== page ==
Sufjan Steven’s latest album is arguably his greatest yet. It is however, certainly the most honest and soul-baring of all his work. Entitled Carrie & Lowell after his mother and step-father, it traces childhood memories both painful and hopeful, as he confronts his emotions— or lack thereof, “My black shroud/ Holding down my feelings” (“Should Have Known Better”) — head on as he looks back on a turbulent childhood with a mentally-ill mother.
Filled with contemplations on death (“Death With Dignity,” “Fourth of July”), un-reconciled hurts (“Should Have Known Better,” “Drawn to the Blood”), and intense grief and loss (“The Only Thing”, “No Shade in the Shadow of the Cross”), Stevens finally lays bare all of the emotions he’s kept hidden over the years. He both imagines and pursues various ways of dealing with the death of his mother (“Cutting my arm/ Cross hatch warm bath, Holiday Inn after dark” from “The Only Thing”; “Get drunk to get laid/I take one more hit when you depart” from “No Shade in the Shadow of the Cross”). The line “F*** me, I’m falling apart” says everything about his state of being without her. He looks to his faith, crying out, “How? God of Elijah/As fire to the sun/Tell me what I have done” in the song “Drawn to the Blood”, but ultimately finds that there is “no shade in the shadow of the cross” to offer him relief from his pain. He knows he cannot go back, and that “nothing can be changed/the past is still the past” (“Should Have Known Better”).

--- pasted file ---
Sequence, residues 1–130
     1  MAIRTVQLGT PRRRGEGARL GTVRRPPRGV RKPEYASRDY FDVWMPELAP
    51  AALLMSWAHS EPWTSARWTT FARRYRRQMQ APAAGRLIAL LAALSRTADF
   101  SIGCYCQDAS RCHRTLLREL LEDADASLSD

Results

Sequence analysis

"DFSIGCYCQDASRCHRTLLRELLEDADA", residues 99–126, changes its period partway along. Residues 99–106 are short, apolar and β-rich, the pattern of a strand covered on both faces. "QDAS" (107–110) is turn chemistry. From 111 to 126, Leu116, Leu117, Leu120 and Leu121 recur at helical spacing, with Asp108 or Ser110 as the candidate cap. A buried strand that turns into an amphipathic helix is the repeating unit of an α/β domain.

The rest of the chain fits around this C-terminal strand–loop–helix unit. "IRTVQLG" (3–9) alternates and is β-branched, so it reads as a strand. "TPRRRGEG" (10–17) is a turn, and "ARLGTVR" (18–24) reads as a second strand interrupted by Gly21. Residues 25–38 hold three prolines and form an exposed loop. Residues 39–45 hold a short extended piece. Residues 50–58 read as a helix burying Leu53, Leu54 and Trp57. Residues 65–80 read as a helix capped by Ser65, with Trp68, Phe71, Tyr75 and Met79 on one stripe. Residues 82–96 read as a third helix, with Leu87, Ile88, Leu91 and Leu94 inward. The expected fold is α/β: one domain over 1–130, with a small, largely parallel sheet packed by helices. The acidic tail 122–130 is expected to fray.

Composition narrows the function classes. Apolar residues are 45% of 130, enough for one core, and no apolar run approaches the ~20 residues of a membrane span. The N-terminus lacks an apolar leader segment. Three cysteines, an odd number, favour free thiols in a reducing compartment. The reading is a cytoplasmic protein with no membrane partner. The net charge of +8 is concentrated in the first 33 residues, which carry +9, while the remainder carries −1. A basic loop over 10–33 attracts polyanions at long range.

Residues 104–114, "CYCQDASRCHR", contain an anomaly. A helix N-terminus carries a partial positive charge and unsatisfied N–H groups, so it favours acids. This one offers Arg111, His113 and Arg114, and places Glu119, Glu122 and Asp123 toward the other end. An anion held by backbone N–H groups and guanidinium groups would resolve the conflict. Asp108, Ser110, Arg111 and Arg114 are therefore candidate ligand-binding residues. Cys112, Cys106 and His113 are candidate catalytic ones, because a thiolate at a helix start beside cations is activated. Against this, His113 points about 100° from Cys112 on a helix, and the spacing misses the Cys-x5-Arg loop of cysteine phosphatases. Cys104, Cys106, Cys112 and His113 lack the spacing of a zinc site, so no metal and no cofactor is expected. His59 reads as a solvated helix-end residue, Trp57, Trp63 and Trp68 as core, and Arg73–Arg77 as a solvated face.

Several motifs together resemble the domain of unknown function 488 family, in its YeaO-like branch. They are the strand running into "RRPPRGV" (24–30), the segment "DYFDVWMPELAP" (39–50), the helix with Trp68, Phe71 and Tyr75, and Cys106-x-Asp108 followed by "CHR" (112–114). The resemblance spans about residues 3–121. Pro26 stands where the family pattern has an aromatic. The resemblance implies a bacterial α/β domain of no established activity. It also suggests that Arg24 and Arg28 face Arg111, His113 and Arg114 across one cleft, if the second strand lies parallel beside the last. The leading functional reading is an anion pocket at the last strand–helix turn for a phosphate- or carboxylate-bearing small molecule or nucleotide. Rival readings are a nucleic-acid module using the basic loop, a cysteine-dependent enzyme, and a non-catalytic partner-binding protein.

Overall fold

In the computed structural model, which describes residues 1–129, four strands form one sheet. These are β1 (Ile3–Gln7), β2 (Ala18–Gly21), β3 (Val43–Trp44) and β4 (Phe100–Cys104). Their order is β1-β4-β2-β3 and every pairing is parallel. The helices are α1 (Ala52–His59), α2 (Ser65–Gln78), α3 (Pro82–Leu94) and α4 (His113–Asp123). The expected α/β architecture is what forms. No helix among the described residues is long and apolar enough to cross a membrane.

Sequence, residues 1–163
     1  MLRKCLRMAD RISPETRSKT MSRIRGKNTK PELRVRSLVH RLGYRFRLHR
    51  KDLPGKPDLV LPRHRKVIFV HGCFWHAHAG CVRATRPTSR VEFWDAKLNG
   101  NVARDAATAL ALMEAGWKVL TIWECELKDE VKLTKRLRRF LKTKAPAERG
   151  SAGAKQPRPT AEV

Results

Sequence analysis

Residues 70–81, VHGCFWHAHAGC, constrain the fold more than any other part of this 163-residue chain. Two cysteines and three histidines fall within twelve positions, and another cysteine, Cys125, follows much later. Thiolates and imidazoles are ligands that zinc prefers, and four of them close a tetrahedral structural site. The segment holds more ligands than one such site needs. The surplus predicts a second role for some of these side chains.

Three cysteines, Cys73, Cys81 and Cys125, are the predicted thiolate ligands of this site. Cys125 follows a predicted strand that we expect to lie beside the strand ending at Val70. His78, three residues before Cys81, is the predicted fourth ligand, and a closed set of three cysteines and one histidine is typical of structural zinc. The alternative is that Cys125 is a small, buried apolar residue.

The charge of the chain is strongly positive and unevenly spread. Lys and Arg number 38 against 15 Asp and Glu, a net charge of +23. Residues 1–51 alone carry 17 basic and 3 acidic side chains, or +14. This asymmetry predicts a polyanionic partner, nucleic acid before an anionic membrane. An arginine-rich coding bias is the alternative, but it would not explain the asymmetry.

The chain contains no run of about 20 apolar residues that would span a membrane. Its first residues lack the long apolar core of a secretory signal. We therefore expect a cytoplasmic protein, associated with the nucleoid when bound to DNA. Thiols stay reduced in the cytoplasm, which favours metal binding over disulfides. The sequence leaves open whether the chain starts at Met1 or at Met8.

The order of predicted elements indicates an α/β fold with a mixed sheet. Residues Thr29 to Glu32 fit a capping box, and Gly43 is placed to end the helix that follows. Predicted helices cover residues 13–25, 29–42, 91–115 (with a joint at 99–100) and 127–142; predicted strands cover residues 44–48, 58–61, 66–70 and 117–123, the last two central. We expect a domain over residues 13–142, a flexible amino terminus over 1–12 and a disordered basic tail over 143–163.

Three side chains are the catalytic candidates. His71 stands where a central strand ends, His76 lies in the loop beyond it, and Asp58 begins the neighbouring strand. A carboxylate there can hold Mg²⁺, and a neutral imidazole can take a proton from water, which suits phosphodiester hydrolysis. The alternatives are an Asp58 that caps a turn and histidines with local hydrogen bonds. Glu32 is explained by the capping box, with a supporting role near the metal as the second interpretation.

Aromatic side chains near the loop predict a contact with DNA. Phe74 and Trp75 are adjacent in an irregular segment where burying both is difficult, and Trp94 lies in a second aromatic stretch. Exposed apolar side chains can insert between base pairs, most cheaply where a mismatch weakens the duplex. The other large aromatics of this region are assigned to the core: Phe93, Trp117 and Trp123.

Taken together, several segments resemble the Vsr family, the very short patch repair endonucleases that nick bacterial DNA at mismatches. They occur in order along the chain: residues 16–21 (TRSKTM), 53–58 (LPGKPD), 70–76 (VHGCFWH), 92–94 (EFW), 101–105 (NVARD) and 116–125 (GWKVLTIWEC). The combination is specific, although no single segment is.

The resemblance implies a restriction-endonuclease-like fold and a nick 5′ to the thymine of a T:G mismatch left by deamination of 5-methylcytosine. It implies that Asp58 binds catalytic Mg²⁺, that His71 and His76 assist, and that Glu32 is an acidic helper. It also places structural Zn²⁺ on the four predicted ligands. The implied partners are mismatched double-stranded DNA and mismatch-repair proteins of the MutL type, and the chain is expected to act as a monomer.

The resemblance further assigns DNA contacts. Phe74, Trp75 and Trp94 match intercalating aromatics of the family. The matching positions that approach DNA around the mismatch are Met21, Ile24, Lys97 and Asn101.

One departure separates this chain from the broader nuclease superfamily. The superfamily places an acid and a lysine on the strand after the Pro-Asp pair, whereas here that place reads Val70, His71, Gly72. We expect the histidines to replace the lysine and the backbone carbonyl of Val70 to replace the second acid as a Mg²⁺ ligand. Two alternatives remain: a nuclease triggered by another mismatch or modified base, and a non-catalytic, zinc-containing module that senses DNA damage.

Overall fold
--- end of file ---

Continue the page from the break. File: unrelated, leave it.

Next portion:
However, there are moments of light. “Eugene” is filled with memories of his step-father Lowell, who acted as a stabilizer for the five years he was married to Carrie, swimming lessons and visits to Emerald Park in Oregon being among them. In “Fourth of July” his mother helps him recall the times he spent at Tillamook Burn, and a happy memory of a certain Fourth of July while she is lying on her deathbed. In the present, however, Stevens seems to have only one bright spot in the midst of his grief, that of his niece, “the beauty that she brings, illumination” (“Should Have Known Better”). He holds on to her light and beauty until the end of the song like a last thread of hope, and a new way to make things right.
Musically, the melancholy and loss is evident throughout. It’s a soft sound, almost disappearing behind the lyrics at times, but then it shines through with his distinctive harmonies and layering. There is no shortage of sound here - organs, strings, synths- but it is not the bright melodies of albums past. The title track is the most reminiscent of his earlier work, and characteristically juxtaposes itself against more somber lyrics, but on the whole, there are quieter melodies, and the music comes in second behind what he is trying to get off his chest. There is no shortage of emotion or honesty in this album, and that is what makes the album shine. It acts as a small ray of hope that things can get better, and if this album is any indication, the same can be said for Stevens’ music. Things will only get bigger and better from here. But for now, this album provides what much musical reflection often lacks— an honest, unflinching look at what it means to deal with pain and loss. This is the album we desperately need.
LINDSEY WRIGHT. Lindsey Wright holds degrees in Biblical Studies from Fuller Theological Seminary (2012) and Music Performance from North Central University (2009). In her spare time, she likes to try new recipes, argue her point of view, read voraciously, and she dreams of adopting a weiner dog, despite having a cat she loves. You can find more of her writing at dearwilderness.wordpress.com.